Will the stock market crash soon?

You have got to love the human mind.  Despite all the evidence to the contrary, so many people believe we can predict the future.  I often think to myself, if there is life outside of earth and they are looking down on us, they must think we are idiots for making the same mistakes over and over again.

Markets were at less than 100 in 1900.   They hit 26,500 this year.  Many charlatans and delusional types make money by trying to scare people about the next crisis.  As Warren Buffett said, the Dow will hit $1M one day.  The most profitable companies always get bigger and stronger, and US Stocks have always risen over time.

However, can we tell when stocks will go up and down and will the stock market crash soon in 2018 or 2019?  We might know that prices go up in the long-term,  but can we predict the short-term?

Joseph Davis,Roger Aliaga-Díaz and Charles J. Thomas did a paper for Vanguard, which I have put a link to in the bottom of this article.   In full they looked at these factors, and whether they can help us predict the future of the futures:

Price/earnings ratios, or P/Es

1.Components of a simple “building block” dividend growth model (dividend yield + earnings growth)

3. Trailing 1-year dividend yield.

4. Trend of real corporate earnings growth (trailing 10-year average real earnings, or “E10”).

5. “Consensus” expected real earnings growth (proxied by trailing 3-year average growth rate).

Economic fundamentals

  1. Trend of U.S. real GDP growth (trailing 10-year average growth rate).
  2. “Consensus” expected real GDP growth (proxied by trailing 3-year average growth rate).
  3. Yield of the 10-year U.S. Treasury note (reflects inflation expectations and anticipated Fed policy).
  4. Federal government debt/GDP ratio. (Hypothesis: Higher debt levels today imply a lower future return.)
  5. Corporate profits as a percentage of GDP. (Hypothesis: Higher profit margins today imply a lower future return.)

Common multi-variable valuation models

  1. Fed Model: the spread between U.S. stock earnings yield and the long-term government bond yield (the spread between the inverse of P/E1 and the level of the 10-year Treasury yield).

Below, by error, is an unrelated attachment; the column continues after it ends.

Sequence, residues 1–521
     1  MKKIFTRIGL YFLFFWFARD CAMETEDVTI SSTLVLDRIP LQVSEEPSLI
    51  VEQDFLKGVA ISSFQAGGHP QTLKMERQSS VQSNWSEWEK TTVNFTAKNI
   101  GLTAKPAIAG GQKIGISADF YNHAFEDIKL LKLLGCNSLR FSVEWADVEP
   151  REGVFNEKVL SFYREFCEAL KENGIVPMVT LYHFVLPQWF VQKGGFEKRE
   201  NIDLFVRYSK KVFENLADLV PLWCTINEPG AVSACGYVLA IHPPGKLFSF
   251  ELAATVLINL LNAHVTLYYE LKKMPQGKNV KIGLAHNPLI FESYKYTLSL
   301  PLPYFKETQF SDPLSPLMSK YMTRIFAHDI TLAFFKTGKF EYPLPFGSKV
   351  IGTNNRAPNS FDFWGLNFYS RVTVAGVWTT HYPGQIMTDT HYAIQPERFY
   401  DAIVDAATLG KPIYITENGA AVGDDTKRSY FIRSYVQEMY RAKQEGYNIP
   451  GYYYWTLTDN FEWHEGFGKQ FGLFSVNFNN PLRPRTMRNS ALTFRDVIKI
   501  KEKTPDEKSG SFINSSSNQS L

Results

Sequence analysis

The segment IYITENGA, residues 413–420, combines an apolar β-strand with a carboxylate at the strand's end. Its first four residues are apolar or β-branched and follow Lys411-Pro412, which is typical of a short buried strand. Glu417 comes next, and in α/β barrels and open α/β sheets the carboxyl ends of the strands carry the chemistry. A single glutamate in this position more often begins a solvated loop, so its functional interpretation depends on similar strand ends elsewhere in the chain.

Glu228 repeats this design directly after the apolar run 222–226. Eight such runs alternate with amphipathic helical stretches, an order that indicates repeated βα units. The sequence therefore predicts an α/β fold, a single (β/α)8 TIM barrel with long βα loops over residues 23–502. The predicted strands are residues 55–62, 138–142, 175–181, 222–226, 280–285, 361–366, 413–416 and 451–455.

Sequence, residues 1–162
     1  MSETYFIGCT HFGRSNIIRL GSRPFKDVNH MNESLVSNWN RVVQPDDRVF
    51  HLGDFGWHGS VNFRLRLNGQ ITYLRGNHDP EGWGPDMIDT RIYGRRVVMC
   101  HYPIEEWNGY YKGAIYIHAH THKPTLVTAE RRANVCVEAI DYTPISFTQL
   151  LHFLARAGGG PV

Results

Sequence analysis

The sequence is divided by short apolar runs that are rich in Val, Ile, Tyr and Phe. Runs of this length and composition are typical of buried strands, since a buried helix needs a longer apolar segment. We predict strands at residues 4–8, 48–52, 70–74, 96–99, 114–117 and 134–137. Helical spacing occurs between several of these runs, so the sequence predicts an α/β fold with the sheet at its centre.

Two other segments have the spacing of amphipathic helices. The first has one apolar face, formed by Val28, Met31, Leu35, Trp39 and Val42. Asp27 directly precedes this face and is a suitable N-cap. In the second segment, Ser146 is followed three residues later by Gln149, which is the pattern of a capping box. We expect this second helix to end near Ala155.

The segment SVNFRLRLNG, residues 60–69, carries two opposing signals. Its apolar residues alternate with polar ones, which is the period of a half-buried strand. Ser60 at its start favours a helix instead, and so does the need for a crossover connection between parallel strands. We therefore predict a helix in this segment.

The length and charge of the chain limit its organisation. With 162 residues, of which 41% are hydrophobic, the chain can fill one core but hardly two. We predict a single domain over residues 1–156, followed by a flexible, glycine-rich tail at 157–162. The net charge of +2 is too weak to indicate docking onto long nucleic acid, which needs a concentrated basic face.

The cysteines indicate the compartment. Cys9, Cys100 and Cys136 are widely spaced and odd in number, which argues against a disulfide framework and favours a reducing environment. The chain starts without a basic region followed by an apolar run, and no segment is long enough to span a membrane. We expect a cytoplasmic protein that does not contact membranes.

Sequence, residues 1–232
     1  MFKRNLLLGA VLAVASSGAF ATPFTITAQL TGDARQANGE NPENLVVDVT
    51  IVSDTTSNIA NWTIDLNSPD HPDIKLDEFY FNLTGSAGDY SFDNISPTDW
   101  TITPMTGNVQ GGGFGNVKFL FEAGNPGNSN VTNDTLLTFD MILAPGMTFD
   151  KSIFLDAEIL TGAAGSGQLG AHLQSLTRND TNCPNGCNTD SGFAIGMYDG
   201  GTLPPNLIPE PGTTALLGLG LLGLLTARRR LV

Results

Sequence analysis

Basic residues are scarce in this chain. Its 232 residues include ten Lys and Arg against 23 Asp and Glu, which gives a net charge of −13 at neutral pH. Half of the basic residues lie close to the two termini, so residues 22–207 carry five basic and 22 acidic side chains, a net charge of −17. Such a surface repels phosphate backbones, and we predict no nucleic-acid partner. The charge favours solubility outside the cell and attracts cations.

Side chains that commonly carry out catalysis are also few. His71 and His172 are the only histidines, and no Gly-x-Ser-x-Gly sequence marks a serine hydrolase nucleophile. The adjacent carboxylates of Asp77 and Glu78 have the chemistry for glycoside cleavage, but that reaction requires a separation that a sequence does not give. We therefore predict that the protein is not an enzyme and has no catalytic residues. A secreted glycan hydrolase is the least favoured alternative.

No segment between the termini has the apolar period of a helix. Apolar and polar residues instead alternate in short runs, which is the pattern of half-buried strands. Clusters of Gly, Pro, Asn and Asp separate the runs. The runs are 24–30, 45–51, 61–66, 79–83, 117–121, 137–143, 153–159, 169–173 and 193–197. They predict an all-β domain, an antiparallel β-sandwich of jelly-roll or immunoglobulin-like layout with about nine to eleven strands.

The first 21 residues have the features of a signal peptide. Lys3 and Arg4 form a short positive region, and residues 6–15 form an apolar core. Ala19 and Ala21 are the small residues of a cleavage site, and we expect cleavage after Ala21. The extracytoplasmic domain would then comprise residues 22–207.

2. Building-block model with trend growth (a combination of 3 and 4 above).
  3. Building-block model with consensus growth (a combination of 3 and 5 above).     

Here are the findings:                                                                                                                      1..First, stock returns are essentially unpredictable at short horizons. 

The highest correlation—an R2 of just 0.12—was produced by the building-block model using trailing dividend yield and trend real earnings growth.

2. Many commonly cited signals have had very weak and erratic correlations with realized future returns even at long investment horizons.

3.  They also found, to the surprise of some readers I’m sure,  “that some widely cited economic variables displayed an unexpected, counterintuitive correlation with future returns. The ratio of govern- ment debt to GDP is an example: Although its R2makes it seem a better performer than others, the reason is actually opposite to what one would expect—the government debt/GDP ratio has had a positive relationship with the long-term realized return. In other words, higher government debt levels have been associated with higher future stock returns, at least in the United States since 1926″.

4.  The biggest indicators were the P/E ratios, which looks at how expensive a company is related to their current market price.  Government debt to GDP AND treasury yields have close to a 0% correlation.  I put the and in capitals, as so much has been made about US Treasury Yields hitting 3% on CNBC and Bloomberg recently.

You will notice the formatting of this blog hasn’t been perfect and I after 1-2 tries to change the bullet points, I stopped trying.  It proves a point really.  Flash marketing won’t change the facts and the academic evidence about investing!

Anyway the full paper is available here – https://personal.vanguard.com/pdf/s338.pdf


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